For most people, the sniffles are a minor annoyance. But when you have diabetes, catching a cold or the flu can wreak havoc with your blood sugar control. So can a stomach bug that causes vomiting or diarrhea. But it’s not always easy to avoid germs when you’re on the job, sharing doorknobs, copy machines and indoor air with your coworkers. And it doesn’t help that lots of people go to work even when they’re ill: About 40 million workers across the country don’t have paid sick days, according to the National Partnership for Women & Families. To the rescue—these tips that help your colleagues keep their germs to themselves:
- Step up your disinfecting. Studies show that a desk may boast 400 times more bacteria than the average toilet seat, which means you may be sharing your workspace with a lot of germs. Most cleaning crews don’t wash desks, so be sure to use disinfectant wipes daily to clean the areas in your workspace that you touch often—phone, keyboard, desk, cabinet handles and doorknob.
- Use your own dishes. Sure, you know that using your own utensils, glasses and dishware is a smart move, but did you know that making sure they’re dried thoroughly is key? That’s because moisture breeds germs. And dishes that are put away wet can become contaminated with bacteria.
- Encourage coughers and snifflers to e-communicate. Email them or call them rather than visiting their workspace. If you must be in a meeting with them, sit as far away as you can, and, whatever you do, don’t touch anything they touch.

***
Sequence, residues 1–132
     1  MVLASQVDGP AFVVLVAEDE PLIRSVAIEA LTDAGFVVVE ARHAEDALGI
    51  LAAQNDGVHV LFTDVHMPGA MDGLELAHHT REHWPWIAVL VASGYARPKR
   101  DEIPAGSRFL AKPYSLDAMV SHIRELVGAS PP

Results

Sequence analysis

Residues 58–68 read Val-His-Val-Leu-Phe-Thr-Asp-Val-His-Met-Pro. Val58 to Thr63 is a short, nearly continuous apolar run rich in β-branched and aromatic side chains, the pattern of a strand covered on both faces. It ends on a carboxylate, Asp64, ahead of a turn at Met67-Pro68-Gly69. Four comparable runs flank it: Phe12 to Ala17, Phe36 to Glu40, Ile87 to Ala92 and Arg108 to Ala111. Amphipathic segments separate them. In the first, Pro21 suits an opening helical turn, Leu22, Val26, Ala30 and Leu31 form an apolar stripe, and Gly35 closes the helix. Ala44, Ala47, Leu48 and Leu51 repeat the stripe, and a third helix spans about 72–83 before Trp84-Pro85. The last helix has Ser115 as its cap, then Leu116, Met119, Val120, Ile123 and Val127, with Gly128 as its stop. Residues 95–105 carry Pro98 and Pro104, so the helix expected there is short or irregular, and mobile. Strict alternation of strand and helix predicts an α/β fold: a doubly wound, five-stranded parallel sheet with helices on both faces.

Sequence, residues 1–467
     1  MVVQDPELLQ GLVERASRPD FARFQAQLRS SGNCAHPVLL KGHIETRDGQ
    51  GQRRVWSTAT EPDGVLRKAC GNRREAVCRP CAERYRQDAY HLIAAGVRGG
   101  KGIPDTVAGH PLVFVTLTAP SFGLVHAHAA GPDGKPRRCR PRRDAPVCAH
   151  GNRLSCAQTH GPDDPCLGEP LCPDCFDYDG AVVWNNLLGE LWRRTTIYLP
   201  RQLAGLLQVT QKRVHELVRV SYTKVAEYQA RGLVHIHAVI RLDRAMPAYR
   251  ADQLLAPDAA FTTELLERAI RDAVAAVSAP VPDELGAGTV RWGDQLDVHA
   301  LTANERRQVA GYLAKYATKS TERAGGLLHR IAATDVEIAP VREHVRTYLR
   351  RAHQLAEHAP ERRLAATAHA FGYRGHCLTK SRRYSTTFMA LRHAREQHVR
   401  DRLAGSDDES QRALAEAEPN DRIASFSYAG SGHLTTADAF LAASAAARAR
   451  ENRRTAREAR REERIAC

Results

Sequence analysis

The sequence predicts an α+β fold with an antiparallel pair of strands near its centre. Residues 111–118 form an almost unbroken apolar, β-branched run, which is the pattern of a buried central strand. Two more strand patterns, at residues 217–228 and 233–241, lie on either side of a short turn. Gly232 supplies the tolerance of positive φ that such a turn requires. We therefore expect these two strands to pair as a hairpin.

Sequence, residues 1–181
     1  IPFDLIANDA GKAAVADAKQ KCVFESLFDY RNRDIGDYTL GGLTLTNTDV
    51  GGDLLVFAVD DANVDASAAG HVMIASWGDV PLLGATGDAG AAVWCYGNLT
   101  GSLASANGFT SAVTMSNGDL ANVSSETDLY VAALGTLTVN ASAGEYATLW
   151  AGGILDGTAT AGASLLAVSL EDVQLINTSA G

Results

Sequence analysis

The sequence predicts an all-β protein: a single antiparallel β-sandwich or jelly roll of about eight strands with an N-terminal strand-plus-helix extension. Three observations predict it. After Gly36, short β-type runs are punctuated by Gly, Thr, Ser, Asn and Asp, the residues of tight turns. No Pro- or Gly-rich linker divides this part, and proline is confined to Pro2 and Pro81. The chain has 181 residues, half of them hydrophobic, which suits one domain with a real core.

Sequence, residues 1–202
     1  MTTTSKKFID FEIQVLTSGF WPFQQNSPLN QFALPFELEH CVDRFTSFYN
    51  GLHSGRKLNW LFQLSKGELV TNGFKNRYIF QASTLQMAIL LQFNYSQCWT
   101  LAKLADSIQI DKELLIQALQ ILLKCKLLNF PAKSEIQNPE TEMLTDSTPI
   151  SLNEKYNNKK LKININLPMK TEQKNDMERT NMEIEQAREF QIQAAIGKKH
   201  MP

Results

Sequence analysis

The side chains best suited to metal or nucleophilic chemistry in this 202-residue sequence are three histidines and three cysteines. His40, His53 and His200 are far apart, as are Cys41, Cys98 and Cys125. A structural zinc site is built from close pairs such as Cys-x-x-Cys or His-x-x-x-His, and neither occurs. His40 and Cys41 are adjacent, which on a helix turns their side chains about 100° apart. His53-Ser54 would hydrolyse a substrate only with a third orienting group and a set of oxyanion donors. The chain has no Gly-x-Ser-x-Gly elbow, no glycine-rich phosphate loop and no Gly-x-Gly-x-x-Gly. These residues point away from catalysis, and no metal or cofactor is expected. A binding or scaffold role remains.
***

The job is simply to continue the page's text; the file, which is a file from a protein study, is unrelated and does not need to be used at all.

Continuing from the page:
- Beware of germ hotspots. They’re the places you and your co-workers tend to touch: the kitchen faucet; microwave, coffee pot and refrigerator door handles; copy and fax machine keypads; and water fountain and vending machine buttons. Use hand sanitizer or wash your hands right after touching.
- Wash up to this song. It’s “Happy Birthday,” and you should sing it to yourself twice. According to the Centers for Disease Control and Prevention, that’s how long it takes for your hands to get truly clean. And don’t forget to intertwine your fingers and wash beneath your nails.
- Just say no . . . to sharing food and drink. The reason is obvious: You have no idea whether they were prepared in a sanitary way. If your coworkers know you have diabetes, you can always play the “it’s bad for my blood sugar” card.
- Kick these habits. Chewing your pen, licking your index finger to turn a page, rubbing your eyes, biting your nails—or anything else that puts your hands in close contact with your mouth and nose.
- Take a vacation—really. Spending time out of the office can help reduce stress and exposure to germs, thereby keeping you healthy. Consider using your vacation or sick days when a sickness is circulating around the office (such as in the winter, when people have colds or the flu). If you can’t take time off, see whether you can work from home.
You should also talk with your healthcare provider about whether you should get the flu and pneumonia shots.